Using cardboard, imagination and "anchor" topics assigned throughout the school year, third-graders at Herbert Mills Elementary STEM Elementary School are designing a future Reynoldsburg.

CORRECTION: Reynoldsburg High School's eSTEM Academy is at the Summit Road campus. Because of a reporter's error, the print and earlier online version of this story said it was at the Livingston Avenue campus.

Using cardboard, imagination and "anchor" topics assigned throughout the school year, third-graders at Herbert Mills Elementary STEM Elementary School are designing a future Reynoldsburg.

At the beginning of the year, each student received a "plot" of land in the imaginary Reynoldsburg of 50 years from now and must plan for life in that future city.

They've already focused on aspects of "smart cities," including zoning, transportation and energy efficiency. They've heard from city representatives and members of the Reynoldsburg-Truro Historical Society about the area's history and how land use drives development.

"This quarter, the focus is on energy and they have to write an energy plan for their piece of the city," Principal Mary Ellen Weeks said. "Nobody believes that third-graders can do that type of work but they are. It's very authentic and real world."

And it's why Herbert Mills, 6826 Retton Road, was named the 2019 winner of the STEM Excellence Award in the elementary category at the national Future of Education Technology Conference, held in Florida in January.

STEM describes education with a science, technology, engineering and math focus. The FETC award evaluated schools on the types of STEM experiences they offer, as well as other criteria such as using an interdisciplinary curriculum and course design.

Rickelle Viney volunteers in her daughter, Abigail's, second-grade classroom at Herbert Mills. She said technology such as Smart Boards, combined with new approaches -- like chants and songs to help students remember concepts -- have helped provide a "very vigorous and complete" curriculum.

Second-graders have spent much of the year focusing on ways to end poverty and hunger, partnering with the Mid-Ohio Foodbank on projects that include a school garden and using cardboard to design play spaces for children who may not have access to playgrounds in their communities.

"I've found myself saying 'Why didn't they teach us this way?' Teaching in ways that really stick and make more sense as to why it is that way -- versus how we were taught -- which was to just memorize things," Viney said. "What she's (Abigail) going to remember the most are her design projects. She feels like she can be herself and do it her way. She loves being able to dream and really gets into working things out."

Herbert Mills STEM Elementary School serves a diverse population of about 500 children in kindergarten through fourth grade, Weeks said.

Students as young as kindergarten and first grade are learning engineering and research concepts by connecting lessons about living things to real-world such issues as climate change and pollution. Fourth-graders this year have been tackling sustainability, Weeks said.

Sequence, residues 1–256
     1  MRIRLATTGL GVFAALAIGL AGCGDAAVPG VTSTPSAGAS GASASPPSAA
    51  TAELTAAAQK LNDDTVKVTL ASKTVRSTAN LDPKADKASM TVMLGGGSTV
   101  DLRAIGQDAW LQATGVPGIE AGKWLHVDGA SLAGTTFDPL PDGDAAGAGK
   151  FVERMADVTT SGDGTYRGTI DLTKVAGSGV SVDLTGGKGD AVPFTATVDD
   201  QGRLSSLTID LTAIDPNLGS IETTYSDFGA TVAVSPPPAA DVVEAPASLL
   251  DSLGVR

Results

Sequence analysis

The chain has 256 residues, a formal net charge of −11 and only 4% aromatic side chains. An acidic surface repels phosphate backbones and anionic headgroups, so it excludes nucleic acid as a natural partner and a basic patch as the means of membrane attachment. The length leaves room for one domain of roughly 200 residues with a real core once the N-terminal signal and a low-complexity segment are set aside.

Students often are asked to write about possible solutions and often present their findings to their peers; for example, first-graders made a film using a green screen to talk about the destruction of arctic wildlife habitats.

"We root our STEM (curriculum) in the humanities and social sciences, so it's an extra layer on top of a more traditional STEM approach," Weeks said. "It allows the students to solve real-world problems.

"When kids are invested in what they're learning, they tend to do better," she said. "Our kiddos can make the world a better place."

In addition to Herbert Mills, the Reynoldsburg district has four other STEM-designated schools: Summit Road Elementary; Baldwin Road Junior High School; and two high school academies - (HS)2 STEM at the Livingston Avenue campus and eSTEM at the Summit Road campus.There are only about 50 STEM-designated schools in the state, according to the Ohio Department of Education.

The agency's website says STEM schools will be "vital to Ohio's future economic growth and prosperity" because they help students "become innovators and inventors, self-reliant and logical thinkers and technologically proficient problem-solvers."

The ODE requires those schools to submit applications detailing public-private partnerships that support the curriculum and evidence of "a rigorous, diverse, integrated and project-based curriculum ... to prepare those students for college, the workforce and citizenship."

An inventor herself, Viney has a U.S. patent pending on a product for nursing mothers. She said she enjoys watching that same entrepreneurial spirit come alive in Herbert Mills students.

"It's been cool to see my daughter go down that road and through that process as well," Viney said.

"The kids are very bright and creative and (Abigail) is learning to think outside the box.

"She's confident about having an idea and working through it and seeing it come to fruition."

Weeks said she "about died right there on that stage" when Herbert Mills was named the elementary winner at the FETC conference.

The award is on display at the school.

"It validates the work that we're doing," she said. "I believe that if the model works, it can work anywhere. I have an incredible staff. They are go-getters and they work so hard. They are all about creating innovative experiences for kids so I can't take credit for anything."